Enes Kanter has turned plenty of heads over the last decade in the NBA with his massive presence in the paint. Off the court, he’s helping bring up the next generation with free basketball camps across the country. His travels in the league brought Kanter to Boston this season, where he’s established a strong presence. Despite Kanter’s journey around the NBA, his travels out of the country has been more difficult. Kanter only recently received assurance he’d be safe to travel to Canada, but more international travel has been fraught with danger due to Kanter’s constant political involvement. But on top of the media circus and personal safety, Kanter has focused on basketball. His time in Boston so far impressed critics, and he might have former Thunder teammate Steven Adams to thank.
Enes Kanter is part of a big man duo in Boston
Much of Boston’s media has focused on another center, Tacko Fall. But Fall and Kanter are determined to improve both their games by working together. Fall is still on a two-way contract with Boston’s G-League team, but the “International Twin Towers” will be competing together more often soon.
Even as they work together, Fall’s massive frame towers over even Kanter. At 6-foot-10, Kanter is used to being the big man on the team. But Boston isn’t the first time another center on his team has been taller. During his time in Oklahoma City, Kanter competed for every rebound with the slightly taller (6-foot-11) Steven Adams.
While there have been plenty of examples of players butting heads as they compete for a specialized role or the limelight on a team, the Thunder stars managed to improve each others’ game. While Kanter’s numbers have been higher than Adams for most of their careers, Adams contributed to Kanter’s development in a surprising way.
Kanter’s journey through the NBA
The Utah Jazz drafted Enes Kanter third overall in the 2011 draft after a collegiate career that saw the NCAA declare him ineligible. He still signed and practiced with Kentucky, and he worked on their practice squad and helped them make the Final Four.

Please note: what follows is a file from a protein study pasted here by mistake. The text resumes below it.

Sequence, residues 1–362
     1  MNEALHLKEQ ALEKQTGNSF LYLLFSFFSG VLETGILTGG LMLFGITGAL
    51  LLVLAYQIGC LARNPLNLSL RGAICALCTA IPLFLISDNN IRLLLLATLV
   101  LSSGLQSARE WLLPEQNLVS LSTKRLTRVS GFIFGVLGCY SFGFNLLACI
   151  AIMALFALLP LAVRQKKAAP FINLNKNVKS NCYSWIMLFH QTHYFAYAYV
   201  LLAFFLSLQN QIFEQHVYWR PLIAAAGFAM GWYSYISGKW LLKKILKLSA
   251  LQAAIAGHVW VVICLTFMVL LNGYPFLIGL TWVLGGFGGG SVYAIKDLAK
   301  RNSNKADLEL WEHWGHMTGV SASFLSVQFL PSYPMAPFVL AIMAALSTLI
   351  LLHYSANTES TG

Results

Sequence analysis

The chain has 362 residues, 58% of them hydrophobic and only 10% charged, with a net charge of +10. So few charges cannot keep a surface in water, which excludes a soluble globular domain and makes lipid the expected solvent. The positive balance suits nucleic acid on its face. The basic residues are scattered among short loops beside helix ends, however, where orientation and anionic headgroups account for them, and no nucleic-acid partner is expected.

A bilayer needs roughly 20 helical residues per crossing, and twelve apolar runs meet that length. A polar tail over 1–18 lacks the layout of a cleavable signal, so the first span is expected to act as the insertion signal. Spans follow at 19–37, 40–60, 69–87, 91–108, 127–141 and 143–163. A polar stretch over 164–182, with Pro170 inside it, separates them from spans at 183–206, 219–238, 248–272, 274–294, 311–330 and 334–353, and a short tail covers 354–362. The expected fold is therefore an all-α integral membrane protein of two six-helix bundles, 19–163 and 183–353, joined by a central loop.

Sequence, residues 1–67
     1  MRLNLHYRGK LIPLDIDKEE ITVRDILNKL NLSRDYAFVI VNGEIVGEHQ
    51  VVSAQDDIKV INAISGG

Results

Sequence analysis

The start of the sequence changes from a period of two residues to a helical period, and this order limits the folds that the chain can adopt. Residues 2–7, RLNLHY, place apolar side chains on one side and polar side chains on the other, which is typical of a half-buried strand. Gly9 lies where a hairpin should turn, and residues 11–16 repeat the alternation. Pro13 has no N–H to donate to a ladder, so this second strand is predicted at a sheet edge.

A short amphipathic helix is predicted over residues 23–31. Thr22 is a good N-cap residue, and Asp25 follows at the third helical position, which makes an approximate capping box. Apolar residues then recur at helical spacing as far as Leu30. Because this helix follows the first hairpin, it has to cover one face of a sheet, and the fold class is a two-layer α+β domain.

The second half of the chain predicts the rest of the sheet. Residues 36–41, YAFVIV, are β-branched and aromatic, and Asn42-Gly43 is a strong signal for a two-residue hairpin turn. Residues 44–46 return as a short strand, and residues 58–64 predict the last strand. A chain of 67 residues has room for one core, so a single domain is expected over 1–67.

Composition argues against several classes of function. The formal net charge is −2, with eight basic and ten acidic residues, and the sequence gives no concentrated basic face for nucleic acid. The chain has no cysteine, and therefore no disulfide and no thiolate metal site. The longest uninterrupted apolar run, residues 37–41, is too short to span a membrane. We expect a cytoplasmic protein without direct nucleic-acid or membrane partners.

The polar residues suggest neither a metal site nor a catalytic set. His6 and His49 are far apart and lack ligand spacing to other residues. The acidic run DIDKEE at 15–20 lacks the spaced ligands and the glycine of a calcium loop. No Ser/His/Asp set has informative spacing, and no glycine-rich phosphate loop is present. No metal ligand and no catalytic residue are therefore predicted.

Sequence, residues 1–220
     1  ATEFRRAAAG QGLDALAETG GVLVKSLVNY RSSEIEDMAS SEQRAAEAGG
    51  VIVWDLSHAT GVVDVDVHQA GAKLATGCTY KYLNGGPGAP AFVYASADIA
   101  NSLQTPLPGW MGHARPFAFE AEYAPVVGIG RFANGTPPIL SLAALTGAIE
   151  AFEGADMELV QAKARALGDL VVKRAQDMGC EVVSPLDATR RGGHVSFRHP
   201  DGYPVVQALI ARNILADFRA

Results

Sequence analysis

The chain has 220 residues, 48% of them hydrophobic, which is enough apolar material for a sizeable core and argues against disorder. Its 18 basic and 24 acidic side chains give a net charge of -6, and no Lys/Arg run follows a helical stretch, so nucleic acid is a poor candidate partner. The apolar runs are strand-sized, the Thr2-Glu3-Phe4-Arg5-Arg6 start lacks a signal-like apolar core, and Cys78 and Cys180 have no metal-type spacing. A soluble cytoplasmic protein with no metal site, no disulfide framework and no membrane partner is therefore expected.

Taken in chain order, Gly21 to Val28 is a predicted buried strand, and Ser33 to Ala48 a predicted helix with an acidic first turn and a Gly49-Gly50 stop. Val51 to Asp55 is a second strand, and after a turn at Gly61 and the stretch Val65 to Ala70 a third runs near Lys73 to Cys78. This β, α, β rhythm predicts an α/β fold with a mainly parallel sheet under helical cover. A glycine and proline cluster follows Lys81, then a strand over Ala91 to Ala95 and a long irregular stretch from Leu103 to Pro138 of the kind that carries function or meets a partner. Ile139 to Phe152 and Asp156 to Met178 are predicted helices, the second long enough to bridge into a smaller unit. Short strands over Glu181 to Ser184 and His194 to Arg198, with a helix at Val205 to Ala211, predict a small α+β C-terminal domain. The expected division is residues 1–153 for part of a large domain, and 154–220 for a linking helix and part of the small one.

From 2011 to 2015, Kanter played in Utah and slowly worked on his game. The talent was there, and he was steadily improving, but Kanter found the key to rebounds when the team traded him to Oklahoma City.
Over three years in Oklahoma City, Kanter grew from a strong presence under the rim to a devastating one. Kanter and Steven Adams competed for rebounds at Thunder practices, and both came out stronger centers. Continually fighting with Adams for baskets put Kanter on another level.
“When me and him went against each other in practice, it was like a wrestling match. For me, whenever I go out there against other big men, the game becomes so easy because I used to go against a guy like that.”
The 2019-20 stats show Enes Kanter’s rebounding prowess
Kanter is currently with his fifth NBA team, the Boston Celtics. At age 27, he has a reputation as a journeyman in the NBA, but he’s picked up new tricks everywhere he played.
Between his first season in 2011-12 and this year, Kanter developed from a promising rookie to an all-around star. Kanter averages more than 10 rebounds per 36 minutes on defense alone. Over the past few years, Kanter moved to more of a bench role, and his minutes have decreased. But when he’s on the court, his numbers are better than ever. The Celtics are in a transition period after Al Horford’s departure, but they’re a top-four team in the East.
The travels from team to team may continue for the rest of Kanter’s NBA career, but he’s always adept at finding where he fits in. When he’s not on the court, he’s making strides to better his community. Whenever he plays in 2020-2021, Enes Kanter’s rebounding skill is going to make his team stronger — and they’ll have Steven Adams to thank for it.